Uganda People's Army

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For the contemporaneous Acholi rebel group, see Uganda People's Democratic Army.

The Uganda People's Army (UPA) was a rebel group recruited primarily from the Iteso people of Uganda that was active between 1987 and 1992. The UPA was composed mostly of former soldiers in the special forces of the Uganda National Liberation Army and opposed the National Resistance Army (NRA) government of Yoweri Museveni, who took power in January 1986. Reaching a height after the widespread cattle raid by Karamojong in 1987, the UPA rebellion was eventually ended through the mediation of the Teso Commission.

Origin[edit]

In the 1970s, President Idi Amin Dada created Iteso Home Guard units specifically to protect the region from raids by Karamojong cattle rustlers. The Home Guards proved to be highly effective and, following Amin's overthrow, was retained as people's militia." In the 1980-1986 Bush War Iteso militia on occasion fought the rebel National Resistance Army of Yoweri Museveni alongside units of the regular Uganda National Liberation Army and the Special Force, the paramilitary arm of the Uganda Police Force.[1] Following the fall of Kampala to the NRA in January 1986, defeated UNLA soldiers retreated in disarray to their northern home regions.

With this history, and the region's previous support for Milton Obote, in mind, Special District Administrator (SDA) in Soroti, Lt. Rwakatare-Amooti ordered the disbanding of the people's militia. Obalell Omoding lists this as the first mistake of the SDA, the others being: the decision to round up all security force personnel who had returned to their home villages and confiscate their weapons; a prohibition against moving livestock outside of the sub-region; and the apparent ability of senior NRA officers to flout this prohibition to make a profit by selling Teso livestock elsewhere.[1]

The exact origin of the rebel movement is unclear. What appears clear is that the disbanding of the people's militia, as well as the Special Force, created a security vacuum along the border with Karamoja, which Karamajong cattle raiders exploited to conduct raids into Teso. Despite the worsening security situation, the NRA remained focused on capturing potential security threats to its new authority. This in turn forced many former militia members, police officers and soldiers to go into hiding, or hide their weapons so they could be used for protection against cattle raiders.[1]

The insurgency[edit]

A massive series of cattle raids in 1987 resulted in the removal of nearly all of the cattle, the primary wealth store in the region. The prohibition against movement of livestock out of the region, which practically guaranteed that it would be stolen by raiders, thus came to be seen as draconian while the rumored flouting of this rule by NRA officers for personal gain was seen as yet another example of maliciousness on the part of the Museveni administration. The resulting outrage in Teso led to the organization of the former members of security forces into the rebel UPA under the command of Peter Otai, minister of state for defence under the second Obote administration (1981-1985).[1] In the degree to which its membership was composed largely of professional soldiers, the UPA thus resembles the Acholi Uganda People's Democratic Army, which was fighting the NRA government in the north.[2]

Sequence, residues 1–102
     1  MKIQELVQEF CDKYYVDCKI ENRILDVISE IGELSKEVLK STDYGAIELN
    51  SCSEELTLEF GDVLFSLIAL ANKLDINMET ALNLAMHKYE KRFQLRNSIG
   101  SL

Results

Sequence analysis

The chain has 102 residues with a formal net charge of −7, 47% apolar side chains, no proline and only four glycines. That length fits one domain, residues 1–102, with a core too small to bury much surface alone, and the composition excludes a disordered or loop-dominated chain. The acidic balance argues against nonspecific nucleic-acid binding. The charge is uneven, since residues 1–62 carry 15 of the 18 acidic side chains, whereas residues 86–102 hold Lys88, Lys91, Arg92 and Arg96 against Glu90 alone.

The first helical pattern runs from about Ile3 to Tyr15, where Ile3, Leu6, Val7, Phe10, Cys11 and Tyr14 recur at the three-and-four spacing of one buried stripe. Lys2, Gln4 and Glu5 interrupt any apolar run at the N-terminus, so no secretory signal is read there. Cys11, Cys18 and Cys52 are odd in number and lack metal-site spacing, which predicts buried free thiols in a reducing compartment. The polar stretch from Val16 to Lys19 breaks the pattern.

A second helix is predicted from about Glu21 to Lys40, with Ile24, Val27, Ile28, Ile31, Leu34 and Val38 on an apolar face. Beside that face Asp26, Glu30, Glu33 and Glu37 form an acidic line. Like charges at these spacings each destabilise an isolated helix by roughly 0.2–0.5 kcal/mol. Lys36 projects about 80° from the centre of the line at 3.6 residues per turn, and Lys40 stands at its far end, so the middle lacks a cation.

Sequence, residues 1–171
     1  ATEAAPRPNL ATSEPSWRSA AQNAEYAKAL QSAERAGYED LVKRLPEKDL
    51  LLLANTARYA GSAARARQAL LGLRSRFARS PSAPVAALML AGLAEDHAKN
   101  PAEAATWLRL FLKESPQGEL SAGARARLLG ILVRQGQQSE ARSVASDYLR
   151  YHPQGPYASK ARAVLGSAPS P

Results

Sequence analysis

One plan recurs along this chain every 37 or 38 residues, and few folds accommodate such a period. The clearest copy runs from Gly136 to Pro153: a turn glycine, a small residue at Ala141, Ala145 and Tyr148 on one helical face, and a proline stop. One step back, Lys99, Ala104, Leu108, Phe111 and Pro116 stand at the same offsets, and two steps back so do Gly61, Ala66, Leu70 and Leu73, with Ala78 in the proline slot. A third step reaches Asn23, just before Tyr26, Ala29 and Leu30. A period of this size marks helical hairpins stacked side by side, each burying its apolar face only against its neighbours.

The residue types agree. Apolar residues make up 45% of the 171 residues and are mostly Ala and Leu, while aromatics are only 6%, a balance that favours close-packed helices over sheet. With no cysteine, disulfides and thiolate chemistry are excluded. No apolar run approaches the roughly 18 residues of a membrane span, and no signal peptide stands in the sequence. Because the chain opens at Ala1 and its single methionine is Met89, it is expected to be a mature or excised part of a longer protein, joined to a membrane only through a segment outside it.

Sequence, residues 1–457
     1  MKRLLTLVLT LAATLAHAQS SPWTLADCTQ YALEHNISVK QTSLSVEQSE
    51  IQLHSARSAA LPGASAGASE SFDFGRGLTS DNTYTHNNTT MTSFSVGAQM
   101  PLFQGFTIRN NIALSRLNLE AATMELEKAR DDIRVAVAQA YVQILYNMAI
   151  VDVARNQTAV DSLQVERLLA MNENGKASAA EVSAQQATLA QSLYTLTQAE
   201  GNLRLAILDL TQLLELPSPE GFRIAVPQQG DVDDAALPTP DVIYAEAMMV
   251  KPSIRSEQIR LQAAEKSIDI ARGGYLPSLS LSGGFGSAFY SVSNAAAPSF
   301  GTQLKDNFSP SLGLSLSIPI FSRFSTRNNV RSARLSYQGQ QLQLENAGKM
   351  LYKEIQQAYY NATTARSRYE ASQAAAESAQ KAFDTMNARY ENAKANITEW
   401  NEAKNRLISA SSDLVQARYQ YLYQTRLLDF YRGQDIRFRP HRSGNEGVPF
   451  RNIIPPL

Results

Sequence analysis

Both the NRA and UPA were known for their heavy-handed tactics targeting civilians during the insurgency. Perhaps the most famous was the July 1989 case of 69 prisoners in NRA custody, who were locked in a railcar at Okungulo railway station in Mukura Sub-County, Kumi District and apparently intentionally suffocated to death.[2] In 1990, the Teso Commission was formed to seek an end to the conflict, an effort which bore fruit in 1992, when the insurgency ended.[3]

Aftermath[edit]

In the 1996 presidential election, Museveni received a majority of the votes in the Teso region.[2] In June 2003, more than 2000 former members of the UPA, under the command of Musa Ecweru, then Resident District Commissioner of Kasese and local MP John Eresu reportedly joined the national army as a paramilitary force to combat incursions by the Lord's Resistance Army (LRA), a rebel group that had originated in the Acholi. The LRA had sought out former UPA fighters in the hopes that they would join their rebellion. Only after it became apparent that the Iteso were hostile to their presence did the LRA begin attacking the populace.[4]

Notes and references[edit]

  1. ^ a b c d "Death in Mukura wagon" by Obalell Omoding , Uganda Review, 15 July 2004
  2. ^ a b c Robert Gersony, "The Anguish of Northern Uganda: Results of a Field-Based Assessment of the Civil Conflicts in Northern Uganda" (PDF).  (554 KiB), United States Embassy, Kampala, 1997, p. 105
  3. ^ Gersony, 1997, p. 106
  4. ^ Zachary Lomo and Lucy Hovil, Behind the Violence: The War in Northern Uganda, Institute for Security Studies Monograph No 99, March 2004. pp. 51-52